Archive for November, 2011

Have you ever considered what part memory plays in chess skill.   The public certainly think that chess players must have a good memory to “remember all those moves” however this is not necessarily the case.   Perhaps chess players just have a good memory for chess positions.

I did an interesting memory test last Sunday when I was giving a lesson the Bobby Cheng and Laurence Matheson.   I showed them a chess position, with all 32 pieces on the board, and gave them 10 seconds to try to memorise as many pieces as possible in their correct positions.   The results were terrible!    Bobby got 4 or 5 pieces correct and Laurence got hardly any.   How is this possible you ask?   The position was not a “proper” chess position but one where the pieces were placed randomly – hence they had no patterns to recognise.   By contrast I gave them 2 seconds to memorise another position with all 32 pieces on the board and they got it 100% correct.   The position was the starting position of the Sicilian defence which every chess player would instantly recognise.   It just proves that pattern recognition is a big part of chess skill.

Pattern recognition also comes in handy when trying to solve chess puzzles “if you’ve seen one knight fork you have seen them all.”   Today however I have a position for you that is probably not in your mental “database.”   It’s from the game Karjakin v Svidler at the recent Tal memorial tournament in Moscow.   Black is two pieces ahead but his king is in danger either of checkmate or perpetual check.   The puzzle is to find White’s best move and Black’s best reply, then tell me the result.

[fen caption=”White to play – what result?”]r2q1r2/1p1n1p2/p2p4/2bbpP1k/8/2P3Q1/PPB2PPP/R4RK1 w – – 6 22[/fen]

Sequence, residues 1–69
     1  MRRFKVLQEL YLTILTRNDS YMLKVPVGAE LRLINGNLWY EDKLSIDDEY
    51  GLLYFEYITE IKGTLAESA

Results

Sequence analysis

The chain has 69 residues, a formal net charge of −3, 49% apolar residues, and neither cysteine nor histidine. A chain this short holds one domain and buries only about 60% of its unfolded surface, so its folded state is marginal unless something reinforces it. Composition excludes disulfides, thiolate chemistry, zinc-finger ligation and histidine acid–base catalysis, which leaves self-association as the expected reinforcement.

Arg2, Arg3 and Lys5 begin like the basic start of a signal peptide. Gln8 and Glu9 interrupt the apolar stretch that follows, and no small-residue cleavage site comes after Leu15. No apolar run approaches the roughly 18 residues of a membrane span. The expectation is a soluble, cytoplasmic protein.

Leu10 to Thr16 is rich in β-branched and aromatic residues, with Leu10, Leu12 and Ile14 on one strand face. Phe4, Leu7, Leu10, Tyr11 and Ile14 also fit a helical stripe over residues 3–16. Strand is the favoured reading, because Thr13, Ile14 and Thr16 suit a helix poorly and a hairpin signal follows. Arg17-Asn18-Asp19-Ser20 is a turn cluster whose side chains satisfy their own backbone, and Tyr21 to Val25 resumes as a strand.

Archive for November, 2011

Archive for November, 2011

We have an exciting couple of weeks coming up with the RJ Shield and the National Interschool Open being held near Kyneton from 27 Nov – 29 Nov.   Playing at a country resort instead of Monash University will be a bit of a change, but New Zealand are sending over four strong teams to challenge Australia’s best teams so it should be a great competition.

Meanwhile, over in Brazil the World Youth Championships start today.  The Australian team includes Victorians Justin Tan (in the U14) and Karl Zelesco (in the U/12) whose results I will follow with great interest.   Karl in particular is very good for his age and must have a chance for a high placing.   I watched his games at the State Finals recently and he played like a master for most of the time.

To compete successfully at that level you have to have a keen eye for tactics.  The basic advice that I give students is to “examine all checks and captures” but at a higher level that is not enough.  Some combinations are based on themes such as “overloaded piece” which do not involve either check or captures and so are much harder to spot.   Let’s see how you cope with this harder sort of problem in today’s puzzle.

[fen caption=”White to play”]2k5/2p5/1p1rn1p1/5p2/q2b4/6P1/P2RQPB1/3R2K1 w – – 0 1[/fen]

Archive for November, 2011

By popular demand we’re bringing back our Chess Kids Holiday Program this summer! Plenty of places remaining 23/24/25 January – but the first week is now booked out.